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Chapter 2

IMPORTANT: To prevent program loss, replace a 1756-BA1 or 1756-BA2 battery according to the schedule below even if the BAT status indicator is off.
If the temperature 2.54 cm (1 in.) below the chassis is -2535 C (-1395 F) 3640 C (96.8104 F) 4145 C (105.8113 F) 4650 C (114.8122 F) 5155 C (123.8131 F) 5670 C (132.8158 F) Replace the battery within No replacement required 3 years 2 years 16 months 11 months 8 months

ATTENTION: Store batteries in a cool, dry environment. We recommend 25 C (77 F) with 4060% relative humidity. You may store batteries for up to 30 days between -4585 C (-49185 F), such as during transportation. To avoid leakage or other hazards, do not store batteries above 60 C (140 F) for more than 30 days. Connection of the battery varies depending on your controller series: If you are using a series A controller, see page 38. If you are using a series B controller, see page 39.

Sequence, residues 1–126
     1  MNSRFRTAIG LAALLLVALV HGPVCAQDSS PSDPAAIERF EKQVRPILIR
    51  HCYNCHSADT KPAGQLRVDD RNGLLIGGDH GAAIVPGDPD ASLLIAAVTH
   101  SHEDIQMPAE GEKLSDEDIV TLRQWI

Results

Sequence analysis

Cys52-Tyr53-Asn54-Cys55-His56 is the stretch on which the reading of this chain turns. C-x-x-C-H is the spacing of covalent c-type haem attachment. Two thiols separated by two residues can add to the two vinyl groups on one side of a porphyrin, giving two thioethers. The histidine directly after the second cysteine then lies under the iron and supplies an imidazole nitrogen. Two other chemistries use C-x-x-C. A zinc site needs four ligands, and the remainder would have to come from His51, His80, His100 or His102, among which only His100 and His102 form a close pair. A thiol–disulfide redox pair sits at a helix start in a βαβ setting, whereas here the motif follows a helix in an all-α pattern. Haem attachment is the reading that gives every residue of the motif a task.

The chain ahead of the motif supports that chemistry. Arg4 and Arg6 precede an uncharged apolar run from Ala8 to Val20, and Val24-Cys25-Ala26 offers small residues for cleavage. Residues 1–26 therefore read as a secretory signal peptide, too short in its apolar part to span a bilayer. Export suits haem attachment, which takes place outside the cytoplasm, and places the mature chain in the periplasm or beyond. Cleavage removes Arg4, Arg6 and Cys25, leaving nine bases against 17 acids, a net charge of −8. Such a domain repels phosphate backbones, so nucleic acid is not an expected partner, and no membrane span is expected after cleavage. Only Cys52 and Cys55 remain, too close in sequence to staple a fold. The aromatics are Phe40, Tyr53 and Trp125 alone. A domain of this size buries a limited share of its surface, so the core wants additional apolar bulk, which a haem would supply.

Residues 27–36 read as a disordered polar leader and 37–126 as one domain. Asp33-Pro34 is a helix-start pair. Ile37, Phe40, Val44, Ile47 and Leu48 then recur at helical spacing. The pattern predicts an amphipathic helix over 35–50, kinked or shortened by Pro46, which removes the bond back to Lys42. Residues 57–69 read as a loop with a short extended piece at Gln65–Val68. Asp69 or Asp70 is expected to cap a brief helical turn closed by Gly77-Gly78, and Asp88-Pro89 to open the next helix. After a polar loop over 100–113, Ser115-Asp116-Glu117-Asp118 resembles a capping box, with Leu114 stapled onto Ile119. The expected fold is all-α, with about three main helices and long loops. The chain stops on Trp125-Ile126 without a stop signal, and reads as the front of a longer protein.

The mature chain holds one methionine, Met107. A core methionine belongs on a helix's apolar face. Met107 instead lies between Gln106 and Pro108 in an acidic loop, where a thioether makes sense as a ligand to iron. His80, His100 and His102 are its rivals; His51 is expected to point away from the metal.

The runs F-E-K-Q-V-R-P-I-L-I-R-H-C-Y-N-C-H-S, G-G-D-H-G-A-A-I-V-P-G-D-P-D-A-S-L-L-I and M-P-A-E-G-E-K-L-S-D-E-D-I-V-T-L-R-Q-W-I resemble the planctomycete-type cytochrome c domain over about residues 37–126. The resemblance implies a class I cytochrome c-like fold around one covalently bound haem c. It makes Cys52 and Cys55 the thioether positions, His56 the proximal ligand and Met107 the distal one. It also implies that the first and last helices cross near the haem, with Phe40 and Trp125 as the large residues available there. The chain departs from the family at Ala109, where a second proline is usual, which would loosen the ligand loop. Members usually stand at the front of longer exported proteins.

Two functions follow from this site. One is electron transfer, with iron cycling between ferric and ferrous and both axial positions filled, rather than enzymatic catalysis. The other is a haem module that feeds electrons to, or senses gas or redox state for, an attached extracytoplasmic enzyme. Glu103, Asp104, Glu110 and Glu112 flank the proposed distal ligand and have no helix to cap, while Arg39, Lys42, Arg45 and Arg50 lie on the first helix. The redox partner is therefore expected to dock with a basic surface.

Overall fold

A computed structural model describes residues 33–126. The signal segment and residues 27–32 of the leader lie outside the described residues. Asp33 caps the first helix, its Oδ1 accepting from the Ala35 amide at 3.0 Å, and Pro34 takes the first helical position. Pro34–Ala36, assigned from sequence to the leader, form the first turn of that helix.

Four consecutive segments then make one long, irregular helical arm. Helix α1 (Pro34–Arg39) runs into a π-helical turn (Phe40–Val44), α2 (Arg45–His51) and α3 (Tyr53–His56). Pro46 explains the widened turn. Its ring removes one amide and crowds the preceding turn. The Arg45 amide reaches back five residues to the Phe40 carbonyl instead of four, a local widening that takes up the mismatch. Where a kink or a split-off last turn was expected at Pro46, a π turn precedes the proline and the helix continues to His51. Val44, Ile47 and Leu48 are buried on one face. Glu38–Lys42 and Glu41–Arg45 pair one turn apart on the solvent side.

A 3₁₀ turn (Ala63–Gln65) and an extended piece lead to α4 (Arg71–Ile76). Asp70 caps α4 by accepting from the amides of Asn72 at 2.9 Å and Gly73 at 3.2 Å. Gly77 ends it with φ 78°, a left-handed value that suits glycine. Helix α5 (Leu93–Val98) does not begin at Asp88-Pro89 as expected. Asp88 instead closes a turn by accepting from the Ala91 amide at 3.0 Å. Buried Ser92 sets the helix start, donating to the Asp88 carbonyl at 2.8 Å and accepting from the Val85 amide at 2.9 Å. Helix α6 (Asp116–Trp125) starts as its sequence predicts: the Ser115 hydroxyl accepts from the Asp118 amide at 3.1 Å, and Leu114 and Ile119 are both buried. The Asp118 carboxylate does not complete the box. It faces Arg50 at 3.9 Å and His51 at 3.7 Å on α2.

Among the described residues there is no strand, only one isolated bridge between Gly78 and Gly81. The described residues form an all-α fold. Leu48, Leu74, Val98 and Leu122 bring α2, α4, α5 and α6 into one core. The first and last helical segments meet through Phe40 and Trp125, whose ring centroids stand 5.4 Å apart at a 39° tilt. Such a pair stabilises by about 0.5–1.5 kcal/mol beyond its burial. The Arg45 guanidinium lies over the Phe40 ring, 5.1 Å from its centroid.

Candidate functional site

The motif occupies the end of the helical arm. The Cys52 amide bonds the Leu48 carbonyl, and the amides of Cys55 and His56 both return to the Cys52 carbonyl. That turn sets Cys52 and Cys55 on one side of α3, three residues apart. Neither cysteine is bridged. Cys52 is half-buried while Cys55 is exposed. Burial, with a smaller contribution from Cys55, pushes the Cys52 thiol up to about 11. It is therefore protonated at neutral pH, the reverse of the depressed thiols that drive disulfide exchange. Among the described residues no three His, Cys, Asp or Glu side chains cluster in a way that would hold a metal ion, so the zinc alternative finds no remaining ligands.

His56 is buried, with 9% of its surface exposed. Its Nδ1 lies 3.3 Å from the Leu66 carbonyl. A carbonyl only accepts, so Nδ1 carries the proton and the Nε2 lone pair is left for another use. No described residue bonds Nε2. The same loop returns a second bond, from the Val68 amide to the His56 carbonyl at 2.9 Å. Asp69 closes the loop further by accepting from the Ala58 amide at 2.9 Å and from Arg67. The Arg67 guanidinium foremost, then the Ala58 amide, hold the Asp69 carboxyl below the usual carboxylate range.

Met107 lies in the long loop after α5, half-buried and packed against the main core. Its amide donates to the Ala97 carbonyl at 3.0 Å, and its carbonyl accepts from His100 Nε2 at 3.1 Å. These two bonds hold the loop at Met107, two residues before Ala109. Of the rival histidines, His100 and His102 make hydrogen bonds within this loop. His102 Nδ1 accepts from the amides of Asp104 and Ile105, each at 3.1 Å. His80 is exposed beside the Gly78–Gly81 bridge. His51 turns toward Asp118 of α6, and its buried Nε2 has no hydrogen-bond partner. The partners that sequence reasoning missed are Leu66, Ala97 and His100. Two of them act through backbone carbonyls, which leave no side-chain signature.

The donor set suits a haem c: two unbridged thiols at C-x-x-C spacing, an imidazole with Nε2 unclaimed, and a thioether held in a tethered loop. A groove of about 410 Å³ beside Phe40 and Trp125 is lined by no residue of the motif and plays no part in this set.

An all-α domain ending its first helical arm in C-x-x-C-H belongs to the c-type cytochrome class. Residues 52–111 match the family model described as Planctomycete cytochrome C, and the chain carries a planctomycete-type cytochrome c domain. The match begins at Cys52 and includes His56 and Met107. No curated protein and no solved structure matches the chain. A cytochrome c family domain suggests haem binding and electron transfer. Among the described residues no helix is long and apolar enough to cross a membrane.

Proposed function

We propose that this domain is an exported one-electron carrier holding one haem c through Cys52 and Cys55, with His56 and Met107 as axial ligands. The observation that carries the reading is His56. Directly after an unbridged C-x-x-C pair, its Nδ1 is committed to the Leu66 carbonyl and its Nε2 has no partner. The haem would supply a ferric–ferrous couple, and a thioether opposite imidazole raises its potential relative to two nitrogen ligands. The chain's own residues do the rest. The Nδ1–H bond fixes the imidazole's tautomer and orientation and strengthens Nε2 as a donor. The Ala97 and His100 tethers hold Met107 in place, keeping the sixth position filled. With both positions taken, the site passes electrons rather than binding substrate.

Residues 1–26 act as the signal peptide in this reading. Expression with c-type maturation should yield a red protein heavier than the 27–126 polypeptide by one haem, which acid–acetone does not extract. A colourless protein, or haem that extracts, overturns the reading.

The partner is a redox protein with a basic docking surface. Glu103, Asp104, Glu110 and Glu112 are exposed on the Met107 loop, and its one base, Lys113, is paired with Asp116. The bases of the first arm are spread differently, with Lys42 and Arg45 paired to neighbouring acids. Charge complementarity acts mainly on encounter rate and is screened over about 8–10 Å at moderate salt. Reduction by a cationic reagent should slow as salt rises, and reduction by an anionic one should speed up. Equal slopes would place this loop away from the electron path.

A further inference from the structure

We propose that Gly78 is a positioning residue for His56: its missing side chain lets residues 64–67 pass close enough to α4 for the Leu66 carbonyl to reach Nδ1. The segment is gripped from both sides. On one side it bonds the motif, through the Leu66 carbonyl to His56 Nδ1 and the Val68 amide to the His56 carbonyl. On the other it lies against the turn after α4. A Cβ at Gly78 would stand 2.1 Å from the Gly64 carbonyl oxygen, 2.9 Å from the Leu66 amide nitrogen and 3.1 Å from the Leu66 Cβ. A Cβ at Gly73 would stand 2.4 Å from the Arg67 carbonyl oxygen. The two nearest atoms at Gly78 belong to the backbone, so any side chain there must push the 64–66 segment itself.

Rockwell Automation Publication 1756-UM001M-EN-P - February 2012

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Chapter 2

Install the 1756-L6x Controller

Install the Battery on a Series A Controller


Complete these steps to install a 1756-BA1 battery on a series A controller. For information about installing a 1756-BATM battery module or replacing a 1756-BATM assembly, see the ControlLogix Battery Module Installation Instructions, publication 1756-IN578. ATTENTION: For a series A controller, connect only a 1756-BA1 battery or a 1756-BATM battery module. The use of other batteries may damage the controller.

DATE

Wire Terminal Location Top Middle Bottom

Connected Wire No Connection Black Lead (-) Red Lead (+)

1. Connect the battery connector to the port to the right of the battery slot. 2. Snap the battery into the battery slot. 3. Write the date on the battery label. 4. Attach the label to the inside of the controller door.

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Chapter 2

Install the Battery on a Series B Controller